Porsche is a brand with plenty of varied supporters and detractors. What’s funny is, some of those supporters are also detractors. Whether it was the 911 going to a water-cooled engine, the 911 getting the nose of the Boxster, the 911 going to electric power steering, the Cayenne launching, or the idea (even the idea! For shame!) that Porsche would–GASP!–produce a four door sedan. Any change, and they start screaming.
I’m not one of those people. The Panamera has been a big hit for Porsche financially and I have seen more and more of them on the road since the car’s 2009 launch in America. I hadn’t driven one yet and for some reason, just didn’t think much of it until I was at the Porsche Zentrum at the Quail Lodge in August. When I arrived, I signed up to drive this four-door Porsche, only because the 911s on hand were all booked completely. I thought I’d regret this decision until I turned the key…
As everyone who reads this site knows, I drove an Aston Martin in Las Vegas back in early July. However, the first car I drove that day was this Mercedes SLS. I didn’t plan on driving it. I was slated to take the wheel of a Ferrari F430 Scuderia, but its transmission decided it hated the obscenely hot temperatures even more than I did. It was 115 degrees in the shade, but I felt ice-cold driving this Iridium Silver SLS. Having driven one already on the street and needing a car that could handle the Vegas summer scorch, I agreed to replace the temporarily broken F430 with this intriguing set of wheels. The experience was rather eye-opening.
Buick’s doing much better now than it was at the same time half a decade ago. They brought us the Regal, which is a rebadged Opel Insignia, and the Verano, a rebadged and re-engineered Chevrolet Cruze. Normally, this would make me want to tear my own hear out of my scalp, as GM’s track record with rebadged cars is just plain awful. The last time a European sedan was adapted for the USA market was in 1997 when Cadillac dumped the Catera on our shores, a reheated Opel Omega–with predictably lukewarm results. Buick’s last American compact, the Skylark, was an embarrassment to its name and was insulting to someone who wanted a premium small car. Luckily, I got the chance to sample Buick’s two best turbocharged options last month in the form of the Regal GS and Verano Turbo. Originally, I was going to keep the two separate, but after a long thought and two eye-opening drives, I’ve changed my mind, because these two cars should be looked at together. One of them is clearly better than the other–and one of the two doesn’t quite live up to its badge’s reputation.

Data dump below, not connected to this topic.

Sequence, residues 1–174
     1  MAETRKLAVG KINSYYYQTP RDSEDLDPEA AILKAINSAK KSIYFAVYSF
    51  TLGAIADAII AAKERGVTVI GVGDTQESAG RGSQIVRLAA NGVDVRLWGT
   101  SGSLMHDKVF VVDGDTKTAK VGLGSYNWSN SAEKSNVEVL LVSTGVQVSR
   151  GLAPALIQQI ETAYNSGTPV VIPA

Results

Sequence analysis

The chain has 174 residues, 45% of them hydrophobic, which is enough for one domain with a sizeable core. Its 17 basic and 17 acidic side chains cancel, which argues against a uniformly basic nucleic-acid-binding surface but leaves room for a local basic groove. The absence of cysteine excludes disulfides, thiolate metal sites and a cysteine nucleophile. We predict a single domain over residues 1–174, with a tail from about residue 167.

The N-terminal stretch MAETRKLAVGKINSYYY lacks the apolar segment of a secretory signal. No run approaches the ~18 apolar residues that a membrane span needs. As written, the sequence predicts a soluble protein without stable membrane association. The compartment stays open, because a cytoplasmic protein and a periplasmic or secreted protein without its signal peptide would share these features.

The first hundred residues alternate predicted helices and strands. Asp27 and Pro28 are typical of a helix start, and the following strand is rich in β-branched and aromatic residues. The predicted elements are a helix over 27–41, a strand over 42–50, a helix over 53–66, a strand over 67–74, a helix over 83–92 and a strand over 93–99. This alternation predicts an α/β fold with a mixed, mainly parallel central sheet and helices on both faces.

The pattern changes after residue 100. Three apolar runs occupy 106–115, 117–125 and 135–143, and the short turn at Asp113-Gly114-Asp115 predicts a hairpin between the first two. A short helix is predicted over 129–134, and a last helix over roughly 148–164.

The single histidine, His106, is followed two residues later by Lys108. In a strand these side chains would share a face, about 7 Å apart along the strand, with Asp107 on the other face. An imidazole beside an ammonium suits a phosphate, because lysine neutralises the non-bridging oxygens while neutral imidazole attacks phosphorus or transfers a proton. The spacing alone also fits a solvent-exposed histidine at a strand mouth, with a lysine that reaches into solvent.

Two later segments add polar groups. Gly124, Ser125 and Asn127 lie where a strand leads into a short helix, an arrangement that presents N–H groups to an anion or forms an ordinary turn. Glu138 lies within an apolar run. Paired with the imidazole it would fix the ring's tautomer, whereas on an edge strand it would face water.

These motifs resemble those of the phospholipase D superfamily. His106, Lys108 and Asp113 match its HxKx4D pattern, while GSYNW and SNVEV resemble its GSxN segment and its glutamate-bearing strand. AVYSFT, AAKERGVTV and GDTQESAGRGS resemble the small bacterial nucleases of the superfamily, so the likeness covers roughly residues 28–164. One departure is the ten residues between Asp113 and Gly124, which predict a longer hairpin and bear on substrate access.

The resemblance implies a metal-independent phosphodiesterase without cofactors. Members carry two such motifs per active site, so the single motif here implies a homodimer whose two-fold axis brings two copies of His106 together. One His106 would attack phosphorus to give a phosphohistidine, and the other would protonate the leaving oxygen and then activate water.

Cadillac’s changed. What was once a lineup filled with “luxury” cars more numerous than the “talent” in the Jets’ current roster has now become a brand obsessed with success. I’m not complaining, because at this point in the brand’s history, it has to evolve or die (the latter of which Lincoln, its immortal rival, seems obsessed with at this point). The Seville and the Deville formed the staple products of Cadillac’s offerings for more than 30 years when in 2011, Cadillac finally stopped building both of them. No, don’t light a candle for them. I asked myself this question after taking the wheel: Did Cadillac build a stopgap car, or a car with staying power that can carry the Wreath and Crest into the next few years with pride? I took the wheel of this bright red Premium AWD to find out the answer.
I have been around cars for a long time now, and it has gotten to the point where I generally know what to expect when I get behind the wheel of something new. Many cars have some surprising features, but usually these surprises are more of a nice touch, a cherry on top of the ice cream sundae; if you will. Every so often though, I find something that completely throws my expectations out the window. The Chevy Siverado you see above belongs to my photographer friend, Dan Valanzola, who has spent countless hours turning it into something entirely unexpected. Read the rest of this entry »